Page:Travels in Mexico and life among the Mexicans.djvu/617

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There is probably no town in the United States, of the same number of inhabitants, that possesses so many fine buildings, or is built upon a plan of such lavish magnificence, as this; for it owes its origin to the discovery of rich mines, and its noble edifices to the constant stream of silver that flowed from them during a very long period. Founded near the close of the seventeenth century, it rapidly assumed the proportions of a city, and at one time had more inhabitants than at the present day; but when the mines became exhausted, its population dwindled to less than 10,000, though now numbering 18,000. When the Spaniards were expelled, in 1821, the mines were entirely abandoned, and the ranches and haciendas likewise fell into decay. Indications of those times when the mines were in their greatest splendor remain in the vast heaps of silver scoriae, of which many walls are built, and even houses, and "in which, according to trustworthy analysis, enough silver remains to make fresh smelting, under better and more economical management, a profitable undertaking." Looking to this end, a company has been formed, in Philadelphia, which has purchased all this wastage, and from which it hopes to realize a bonanza.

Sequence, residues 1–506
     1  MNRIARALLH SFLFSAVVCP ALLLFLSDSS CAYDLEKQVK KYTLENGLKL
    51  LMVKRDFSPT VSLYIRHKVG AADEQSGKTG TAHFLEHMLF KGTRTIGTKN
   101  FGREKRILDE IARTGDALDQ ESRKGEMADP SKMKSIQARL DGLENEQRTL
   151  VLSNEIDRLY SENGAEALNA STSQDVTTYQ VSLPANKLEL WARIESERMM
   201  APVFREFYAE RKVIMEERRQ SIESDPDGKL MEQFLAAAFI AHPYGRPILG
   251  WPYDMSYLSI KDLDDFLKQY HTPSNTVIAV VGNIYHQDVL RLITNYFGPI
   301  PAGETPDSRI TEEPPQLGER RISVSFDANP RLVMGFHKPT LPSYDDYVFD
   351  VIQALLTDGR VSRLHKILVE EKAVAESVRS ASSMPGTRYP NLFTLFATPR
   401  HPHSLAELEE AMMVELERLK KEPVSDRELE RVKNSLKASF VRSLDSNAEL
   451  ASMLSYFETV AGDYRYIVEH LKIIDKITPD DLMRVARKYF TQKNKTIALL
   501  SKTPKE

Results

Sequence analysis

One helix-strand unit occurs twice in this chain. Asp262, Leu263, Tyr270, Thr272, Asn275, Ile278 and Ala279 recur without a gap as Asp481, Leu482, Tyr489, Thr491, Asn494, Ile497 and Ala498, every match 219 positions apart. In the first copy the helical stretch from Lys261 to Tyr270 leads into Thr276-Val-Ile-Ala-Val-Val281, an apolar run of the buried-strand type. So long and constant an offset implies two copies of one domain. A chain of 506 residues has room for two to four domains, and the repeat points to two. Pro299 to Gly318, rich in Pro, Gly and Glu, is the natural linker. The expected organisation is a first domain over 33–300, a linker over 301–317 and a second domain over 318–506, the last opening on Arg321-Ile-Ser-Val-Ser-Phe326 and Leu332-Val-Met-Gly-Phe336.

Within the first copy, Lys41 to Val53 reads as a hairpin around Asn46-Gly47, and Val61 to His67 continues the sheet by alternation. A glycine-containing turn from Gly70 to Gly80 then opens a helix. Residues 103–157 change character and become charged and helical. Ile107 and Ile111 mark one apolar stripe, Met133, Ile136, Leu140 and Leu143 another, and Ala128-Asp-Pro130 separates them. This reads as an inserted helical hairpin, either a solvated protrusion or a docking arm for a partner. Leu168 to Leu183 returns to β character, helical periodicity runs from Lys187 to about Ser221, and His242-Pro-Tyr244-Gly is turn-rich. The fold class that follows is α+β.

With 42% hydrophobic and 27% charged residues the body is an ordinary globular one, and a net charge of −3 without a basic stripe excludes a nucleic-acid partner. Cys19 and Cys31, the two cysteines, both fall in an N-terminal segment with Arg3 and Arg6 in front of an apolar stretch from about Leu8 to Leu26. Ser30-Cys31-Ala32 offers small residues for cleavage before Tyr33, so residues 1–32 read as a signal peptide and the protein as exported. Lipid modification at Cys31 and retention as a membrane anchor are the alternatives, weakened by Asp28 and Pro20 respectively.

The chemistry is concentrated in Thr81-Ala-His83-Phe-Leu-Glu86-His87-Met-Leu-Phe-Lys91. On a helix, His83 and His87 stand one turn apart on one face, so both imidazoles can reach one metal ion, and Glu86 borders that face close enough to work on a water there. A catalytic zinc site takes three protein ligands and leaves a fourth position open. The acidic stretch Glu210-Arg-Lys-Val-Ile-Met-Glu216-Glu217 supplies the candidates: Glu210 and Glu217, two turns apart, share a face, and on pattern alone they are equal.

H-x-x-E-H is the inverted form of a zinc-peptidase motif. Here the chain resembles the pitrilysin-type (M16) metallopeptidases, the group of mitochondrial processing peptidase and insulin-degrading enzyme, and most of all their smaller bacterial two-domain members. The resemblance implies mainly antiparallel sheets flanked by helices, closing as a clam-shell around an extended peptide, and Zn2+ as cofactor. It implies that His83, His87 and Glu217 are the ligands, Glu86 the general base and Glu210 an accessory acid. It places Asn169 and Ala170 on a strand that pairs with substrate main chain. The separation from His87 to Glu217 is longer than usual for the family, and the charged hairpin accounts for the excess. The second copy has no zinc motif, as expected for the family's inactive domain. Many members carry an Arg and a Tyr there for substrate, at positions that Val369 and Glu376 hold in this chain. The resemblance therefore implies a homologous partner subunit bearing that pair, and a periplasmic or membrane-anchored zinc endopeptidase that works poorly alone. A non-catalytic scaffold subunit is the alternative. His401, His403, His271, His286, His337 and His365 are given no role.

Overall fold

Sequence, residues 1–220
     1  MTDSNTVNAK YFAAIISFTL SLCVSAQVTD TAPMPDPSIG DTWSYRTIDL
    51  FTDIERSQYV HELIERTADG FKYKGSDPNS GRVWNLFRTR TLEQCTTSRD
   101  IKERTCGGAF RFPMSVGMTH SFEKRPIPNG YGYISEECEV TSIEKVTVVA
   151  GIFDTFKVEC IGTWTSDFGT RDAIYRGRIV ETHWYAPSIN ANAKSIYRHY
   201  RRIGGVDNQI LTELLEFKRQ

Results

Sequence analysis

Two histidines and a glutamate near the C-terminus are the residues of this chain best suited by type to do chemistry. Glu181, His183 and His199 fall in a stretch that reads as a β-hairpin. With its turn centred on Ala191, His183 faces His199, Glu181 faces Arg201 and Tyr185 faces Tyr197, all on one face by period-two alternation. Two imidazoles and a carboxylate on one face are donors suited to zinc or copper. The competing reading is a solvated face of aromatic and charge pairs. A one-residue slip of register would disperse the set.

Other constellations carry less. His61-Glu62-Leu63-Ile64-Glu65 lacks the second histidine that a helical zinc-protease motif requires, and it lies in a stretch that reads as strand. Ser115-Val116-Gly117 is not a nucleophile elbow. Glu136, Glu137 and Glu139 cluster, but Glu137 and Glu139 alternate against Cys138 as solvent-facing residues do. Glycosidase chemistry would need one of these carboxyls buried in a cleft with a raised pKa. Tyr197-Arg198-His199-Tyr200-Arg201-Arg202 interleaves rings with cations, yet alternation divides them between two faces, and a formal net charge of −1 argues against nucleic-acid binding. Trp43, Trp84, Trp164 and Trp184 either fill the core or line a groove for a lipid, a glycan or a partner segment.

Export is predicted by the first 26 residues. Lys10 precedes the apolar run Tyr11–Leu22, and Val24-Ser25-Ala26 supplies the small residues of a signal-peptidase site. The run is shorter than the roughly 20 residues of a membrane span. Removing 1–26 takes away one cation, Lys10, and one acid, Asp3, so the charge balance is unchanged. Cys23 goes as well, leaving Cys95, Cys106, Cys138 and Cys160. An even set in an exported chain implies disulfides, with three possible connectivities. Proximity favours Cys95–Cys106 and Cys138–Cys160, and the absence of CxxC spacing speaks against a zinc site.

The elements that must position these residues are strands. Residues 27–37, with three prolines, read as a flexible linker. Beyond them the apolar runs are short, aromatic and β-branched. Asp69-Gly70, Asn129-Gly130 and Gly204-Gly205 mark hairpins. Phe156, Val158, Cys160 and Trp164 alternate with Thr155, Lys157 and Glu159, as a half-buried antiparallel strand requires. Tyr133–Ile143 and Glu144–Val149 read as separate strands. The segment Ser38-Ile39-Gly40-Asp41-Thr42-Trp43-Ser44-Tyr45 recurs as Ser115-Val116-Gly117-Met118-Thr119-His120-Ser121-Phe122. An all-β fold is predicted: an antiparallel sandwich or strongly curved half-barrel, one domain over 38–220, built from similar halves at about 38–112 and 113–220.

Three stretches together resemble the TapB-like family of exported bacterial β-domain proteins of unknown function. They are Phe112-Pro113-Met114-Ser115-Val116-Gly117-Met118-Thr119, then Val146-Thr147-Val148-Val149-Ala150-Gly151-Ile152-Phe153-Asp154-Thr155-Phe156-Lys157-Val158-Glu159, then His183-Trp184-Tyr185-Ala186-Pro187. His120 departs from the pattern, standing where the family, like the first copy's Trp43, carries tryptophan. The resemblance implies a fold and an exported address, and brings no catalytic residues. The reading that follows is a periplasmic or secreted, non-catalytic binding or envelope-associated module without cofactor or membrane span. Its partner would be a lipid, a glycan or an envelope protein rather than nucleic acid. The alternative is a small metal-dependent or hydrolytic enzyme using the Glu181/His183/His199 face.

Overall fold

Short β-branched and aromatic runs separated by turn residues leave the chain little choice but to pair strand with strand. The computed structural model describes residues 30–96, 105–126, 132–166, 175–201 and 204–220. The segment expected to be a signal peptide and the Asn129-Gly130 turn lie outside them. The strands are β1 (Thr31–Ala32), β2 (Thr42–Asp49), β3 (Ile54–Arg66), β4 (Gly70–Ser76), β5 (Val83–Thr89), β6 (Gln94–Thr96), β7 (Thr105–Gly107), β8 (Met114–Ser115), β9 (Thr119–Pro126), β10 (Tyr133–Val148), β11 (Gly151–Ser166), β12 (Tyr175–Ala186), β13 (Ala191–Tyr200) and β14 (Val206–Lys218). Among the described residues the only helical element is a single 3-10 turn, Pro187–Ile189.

The train from El Paso arrives within sight of the city at dusk, passing through a colony pertaining to the railroad, where great machine-shops cover the ground, and where a round-house, with its stalls full of iron horses, is surrounded by hundreds of thousands of dollars' worth of railway material, and where the evidences are strong that an American town will soon develop that shall rival the capital city itself. It crosses a fine bridge, and comes to a halt at the station. True to Mexican tradition, the authorities would not allow the railroad to approach the city within the distance of a mile. Nor would they allow of the purchase of land by the company for building sites, lest an American town should be formed that could exist independently of their own. So a tramway now connects with the city, over the intervening mile of space, the most notable objects on the way being the heaps of silver slag, and the river that flows around and drains the town.

The city was well and regularly built, mainly of adobe, with